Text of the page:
“He was adamant that he did not want us to speak to the lad about it, but at the same time he felt compelled to discuss the matter with us. Officer Douglas, having the most experience of the three of us, suggested to Mr. Maxwell that he continue to be vigilant, and sound the alarm if the need arose. Douglas seemed to agree with Mr. Maxwell’s original assessment—that the young fellow was most likely checking on his new friend’s well being before retiring himself for the night.”

“But, he had already been living there for several weeks,” Beth said. “Why would he start such a ritual only this last week?”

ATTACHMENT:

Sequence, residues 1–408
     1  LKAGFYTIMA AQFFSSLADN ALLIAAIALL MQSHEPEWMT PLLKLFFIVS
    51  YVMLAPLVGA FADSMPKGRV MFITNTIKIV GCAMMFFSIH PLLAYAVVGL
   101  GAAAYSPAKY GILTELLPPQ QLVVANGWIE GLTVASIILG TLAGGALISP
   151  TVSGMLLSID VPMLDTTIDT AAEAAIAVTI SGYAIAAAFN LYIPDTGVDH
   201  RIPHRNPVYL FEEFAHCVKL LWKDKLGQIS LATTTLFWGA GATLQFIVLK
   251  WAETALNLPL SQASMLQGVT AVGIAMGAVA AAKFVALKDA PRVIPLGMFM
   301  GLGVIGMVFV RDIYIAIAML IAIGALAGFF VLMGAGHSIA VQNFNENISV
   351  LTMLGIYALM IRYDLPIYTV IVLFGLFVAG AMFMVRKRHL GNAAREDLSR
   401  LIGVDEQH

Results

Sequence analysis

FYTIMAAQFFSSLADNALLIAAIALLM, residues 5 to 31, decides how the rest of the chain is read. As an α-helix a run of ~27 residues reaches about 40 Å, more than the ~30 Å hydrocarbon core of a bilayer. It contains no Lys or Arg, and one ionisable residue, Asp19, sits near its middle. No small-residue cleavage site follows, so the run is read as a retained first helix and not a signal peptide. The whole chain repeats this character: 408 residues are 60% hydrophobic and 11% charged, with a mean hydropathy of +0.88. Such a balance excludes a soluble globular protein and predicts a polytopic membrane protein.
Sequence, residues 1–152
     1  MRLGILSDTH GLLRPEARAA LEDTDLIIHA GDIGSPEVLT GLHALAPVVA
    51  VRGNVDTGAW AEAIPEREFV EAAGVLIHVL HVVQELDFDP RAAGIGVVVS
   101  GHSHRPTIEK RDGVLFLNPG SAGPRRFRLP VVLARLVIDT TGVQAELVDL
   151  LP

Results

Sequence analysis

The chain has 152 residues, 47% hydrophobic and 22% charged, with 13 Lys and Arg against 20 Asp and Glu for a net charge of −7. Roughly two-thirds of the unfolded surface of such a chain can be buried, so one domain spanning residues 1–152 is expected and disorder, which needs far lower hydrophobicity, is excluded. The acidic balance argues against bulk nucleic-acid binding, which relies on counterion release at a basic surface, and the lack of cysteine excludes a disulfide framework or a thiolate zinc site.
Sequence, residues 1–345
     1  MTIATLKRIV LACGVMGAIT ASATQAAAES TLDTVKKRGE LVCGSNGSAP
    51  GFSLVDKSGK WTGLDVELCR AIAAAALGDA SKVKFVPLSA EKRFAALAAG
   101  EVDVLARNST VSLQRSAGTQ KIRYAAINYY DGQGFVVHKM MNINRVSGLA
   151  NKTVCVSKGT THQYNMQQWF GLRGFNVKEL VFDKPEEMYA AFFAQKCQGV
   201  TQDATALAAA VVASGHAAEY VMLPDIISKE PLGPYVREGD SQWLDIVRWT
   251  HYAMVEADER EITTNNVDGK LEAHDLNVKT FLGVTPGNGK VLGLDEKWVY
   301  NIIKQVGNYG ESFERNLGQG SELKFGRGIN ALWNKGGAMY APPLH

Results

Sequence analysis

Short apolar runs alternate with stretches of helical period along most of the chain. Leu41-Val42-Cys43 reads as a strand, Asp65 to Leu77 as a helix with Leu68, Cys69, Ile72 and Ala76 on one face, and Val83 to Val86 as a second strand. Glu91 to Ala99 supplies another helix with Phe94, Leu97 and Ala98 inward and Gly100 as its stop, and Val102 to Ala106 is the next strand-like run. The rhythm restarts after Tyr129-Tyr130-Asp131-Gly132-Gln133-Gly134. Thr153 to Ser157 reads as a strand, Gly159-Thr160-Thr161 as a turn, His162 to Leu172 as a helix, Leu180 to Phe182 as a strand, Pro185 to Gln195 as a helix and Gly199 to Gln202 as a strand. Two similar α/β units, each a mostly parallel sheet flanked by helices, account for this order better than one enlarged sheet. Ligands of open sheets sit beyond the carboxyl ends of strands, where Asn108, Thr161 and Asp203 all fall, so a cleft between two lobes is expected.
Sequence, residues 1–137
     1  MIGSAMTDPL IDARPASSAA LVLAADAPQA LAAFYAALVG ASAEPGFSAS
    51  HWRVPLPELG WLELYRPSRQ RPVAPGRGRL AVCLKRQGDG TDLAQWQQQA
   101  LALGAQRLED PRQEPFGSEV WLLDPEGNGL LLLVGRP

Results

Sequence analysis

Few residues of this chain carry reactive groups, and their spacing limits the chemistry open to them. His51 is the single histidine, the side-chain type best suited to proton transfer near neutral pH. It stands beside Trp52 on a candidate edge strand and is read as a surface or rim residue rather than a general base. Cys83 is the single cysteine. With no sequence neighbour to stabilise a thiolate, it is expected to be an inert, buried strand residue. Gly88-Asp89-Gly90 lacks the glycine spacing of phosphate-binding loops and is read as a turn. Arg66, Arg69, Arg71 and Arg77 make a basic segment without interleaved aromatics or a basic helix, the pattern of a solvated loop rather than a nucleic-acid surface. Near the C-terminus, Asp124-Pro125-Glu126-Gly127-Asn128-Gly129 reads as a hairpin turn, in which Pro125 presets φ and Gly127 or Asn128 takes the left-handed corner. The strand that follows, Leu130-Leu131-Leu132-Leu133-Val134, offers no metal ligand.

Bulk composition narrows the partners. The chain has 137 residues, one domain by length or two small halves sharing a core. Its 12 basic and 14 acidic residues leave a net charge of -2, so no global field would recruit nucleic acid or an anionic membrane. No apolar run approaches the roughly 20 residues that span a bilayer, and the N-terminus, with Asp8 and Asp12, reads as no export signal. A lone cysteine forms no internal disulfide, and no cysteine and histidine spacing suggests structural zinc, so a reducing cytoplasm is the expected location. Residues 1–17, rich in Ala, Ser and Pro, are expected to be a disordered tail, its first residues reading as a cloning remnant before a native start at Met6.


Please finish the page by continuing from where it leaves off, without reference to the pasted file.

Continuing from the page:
“Douglas thought of that,” Edward replied. “He suggested that as the weeks passed, the young lad eventually came to feel closer to Maxwell, and thus more protective of him as well.”

Edward hesitated and dropped his face into the palms of his hands again. “Ohhh,” he moaned. “If only we had done something more, Maxwell might still be alive.” He raised his head and looked his wife directly in her wide green eyes, “Beth, I don’t know how I will ever forget what happened to that poor man.

“But I will finish my heart-wrenching story. We three officers kept watch over Maxwell’s home, but we heard no more from him. We did see him give a friendly wave from a front window yesterday. That makes what happened last night even harder for us to bear.” Edward looked down at his hands, grimacing as if he saw blood on them.

“A little before four o’clock this morning a neighbor heard a shriek coming from within Maxwell’s home. We were notified at the police office and Douglas, Richard and I set out immediately to find the source of the terrified utterance.